- Best Results4-6 months
- Treatment RecoveryNA
- Procedure TimeNA
- Skin SpecialistMedical Dermatologist
- Duration of ResultsDecades
- Back to WorkNA
Topical Treatments for Hair Loss
Simple topical treatments such as minoxidil can markedly slow down hair loss in men & women. In many cases hair regrowth can be seen within 4- 6 months of therapy. This is a cost-effective alopecia treatment. Topicals can be used pre & post follicular unit extraction & hair transplantation. Topicals can also be used with lasers & PRP to improve hair density.
FactsFacts on Topical Treatment for Hair Loss
- Minoxidil is an over-the-counter lotion or foam for male/female pattern hair loss
- The 5% concentration is better than 2%
- Minoxidil works best for early stage hair loss
- Other topicals include finasteride & dutasteride lotion
- Shampoos include topical ketoconazole
- Minoxidil with finasteride topically is a promising combination for male & in some cases female pattern hair loss
- Topical treatments are best combined with medical therapy including PRP, low level lasers & fractional thulium
- Advanced cases are treated with follicular unit extraction & transplantation
What types of hair loss are amenable to topicals?
Topicals work best for early-stage androgenetic alopecia or male/female pattern baldness. The most widely used & studied topical is minoxidil, also known as Regaine or Rogaine.
Minoxidil is best used to slow down hair loss, however up to 40% of uses will obtain regrowth. This regrowth is best seen in the vertex or crown areas. Topicals are less effective for growing hair in the hairline or sides.
What is minoxidil & does it work?
Minoxidil is a hair loss treatment approved by the FDA since 1988. It comes as a liquid or foam applied to the scalp twice a day to slow or stop the progression of male & female pattern baldness.
To maintain results, it must be used continuously — if you stop using the medication, the new hair growth may reverse, and hair loss will continue.
Minoxidil tends to work best in early stage androgenetic alopecia (balding). Once hair loss spreads over a large area and has persisted for a long time, minoxidil is less likely to produce benefits. Basically, the younger you are, and the sooner you start minoxidil, the better the results tend to be.
The effects of minoxidil can be compounded with supplementation, oral medications, as well as procedures such as PRP, & lasers.
How does minoxidil work?
Minoxidil was initially prescribed as an oral medication to treat high blood pressure. By coincidence researchers discovered that some patients developed hair regrowth. The use of topical minoxidil was approved in 1988. Fast forward to 2021, minoxidil is now trending as an oral medical treat yet again (The Hairy Pill).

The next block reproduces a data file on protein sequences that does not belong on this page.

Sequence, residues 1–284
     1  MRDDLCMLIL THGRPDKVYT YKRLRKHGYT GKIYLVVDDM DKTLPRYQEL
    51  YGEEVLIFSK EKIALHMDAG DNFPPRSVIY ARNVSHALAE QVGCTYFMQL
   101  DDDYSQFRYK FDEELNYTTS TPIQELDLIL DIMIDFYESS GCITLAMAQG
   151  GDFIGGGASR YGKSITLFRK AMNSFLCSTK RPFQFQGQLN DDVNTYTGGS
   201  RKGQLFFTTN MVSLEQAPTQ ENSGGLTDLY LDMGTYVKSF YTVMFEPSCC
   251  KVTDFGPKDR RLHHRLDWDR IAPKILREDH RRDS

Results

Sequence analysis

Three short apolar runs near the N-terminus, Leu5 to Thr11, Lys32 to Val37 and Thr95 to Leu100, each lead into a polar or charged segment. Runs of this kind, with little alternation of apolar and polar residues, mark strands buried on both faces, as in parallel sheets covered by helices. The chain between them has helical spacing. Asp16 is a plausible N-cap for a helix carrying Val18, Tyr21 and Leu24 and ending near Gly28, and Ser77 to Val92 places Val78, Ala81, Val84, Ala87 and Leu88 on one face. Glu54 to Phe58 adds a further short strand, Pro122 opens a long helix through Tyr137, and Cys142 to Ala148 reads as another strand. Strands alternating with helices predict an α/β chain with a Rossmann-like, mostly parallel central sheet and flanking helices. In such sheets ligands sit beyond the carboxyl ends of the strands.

Minoxidil seems to work as a peripheral vasodilator. That means it helps improve blood flow to the hair follicles. This provides nutrients to the hair follicles, stimulating hair growth.
Unlike finasteride—which works by suppressing the androgen DHT, which can attack hair follicles—minoxidil has no effect on hormones.
Clinically minoxidil increases the hair’s growth cycle (anagen) & reduces the hair’s sleeping cycle (telogen). This results in thicker hair follicles with less miniature follicles per square area.
How long does it take for topicals to take effect?
4 to 6 months. This applies to minoxidil as well as combinations with finasteride. The 5% formulation works faster than 2%.
Some people may experience paradoxical hair loss when they first start using minoxidil. This is normal and is a result of the hair follicles shifting from the resting to the growth phase.
If your hair loss hasn’t slowed after several months of using minoxidil, it’s a good idea to consult a medical dermatologist. Ideally topicals should be combined with medical therapy.
What does a basic hair loss topical routine look like?
This guide refers to male/female pattern androgenetic alopecia.
Stage 1: Minoxidil 5% once to twice a day. Supplement with saw palmetto. Shampoo with Nizoral 3-5 times per week. You can obtain this from any pharmacy.
Stage 2: As above. Option to add minoxidil 1-2 mg orally. Men: option for finasteride/dutasteride. Women: option for cyproterone acetate / spironolactone.
Stage 3: As above. Option to add PRP monthly for 3 months, followed by 6 mth PRP. Option to add low level lasers or thulium fractional laser.
Stage 4: As above. Option for FUE- follicular unit extraction
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What is the difference between minoxidil OTC vs compounded minoxidil?
OTC minoxidil has the trade name of Regaine. There are many generic forms.
Originally branded as 2% for women & 5% for men, it is now widely accepted that the stronger formulation is better for both.
Compounded minoxidil usually ranges from 5 to 8% minoxidil most often with retinoic acid/tretinoin. It is postulated that the addition of a retinoid can increase the potency of topical. Minoxidil can also be combined with finasteride or dutasteride. Recent papers have shown that this combination works better than either formulation as a stand-alone.
*Caution in patients allergic to propylene glycol.
**Disclaimer: I do not prescribe medications for hair loss as my work is procedural. For compounded solutions discuss with your medical dermatologist.
What is topical finasteride?
Finasteride is a medication prescribed by dermatologists to treat male pattern baldness. It works by reducing the conversion of testosterone to dihydrotesterone via the inhibition of 5 alpha reductase (as opposed to minoxidil which works by prolonging the growth phase of hair follicles).
Traditionally, finasteride is prescribed as an oral medication with dose ranges from 1 to 5 mg daily. Side effects include loss of libido & fatty breast tissue (rare). Nevertheless, many male patients would like to avoid taking finasteride orally. Recent studies have suggested that a combination of finasteride 0.25 to 1.0%, combined with minoxidil 5% may give optimal results compared to monotherapy.
Topical formulations of finasteride can also be prescribed for some cases for hair loss in females. The risk benefit ratio can be discussed with your medical dermatologist.
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Do products from ‘hair loss clinics’ work?
Yes, but you are paying a premium for rebranded topicals & orals. The majority of clinics rebrand topicals such as minoxidil, & triple the price. They often do the same for oral therapy & vitamins.
A DIY hack that will save you money is-
- Minoxidil 5% from Chemist Warehouse. Bulk 180 ml, 3 month supply.
- Saw palmetto vitamins from chemist
- Option for minoxidil 1-2 mg daily (GP prescription)
- Option for *finasteride 5 mg tab, break in half, take every second day (GP prescription)
*Oral minoxidil & finasteride can be obtained from any general practitioner. Finasteride use for males only. Female pattern hair loss can be treated with oral minoxidil with the option for anti-androgens.
Can shampoos treat hair loss?
Shampoos can be effective if hair loss is secondary to inflammatory conditions such as seborrheic dermatitis (dandruff) or psoriasis.
In the context of male & female pattern baldness/alopecia the answer is not clear cut. There are many formulations containing zinc, biotin, niacin, caffeine, keratin, & botanicals. The most active ingredients inhibit conversion of testosterone to dihydrotestosterone (DHT).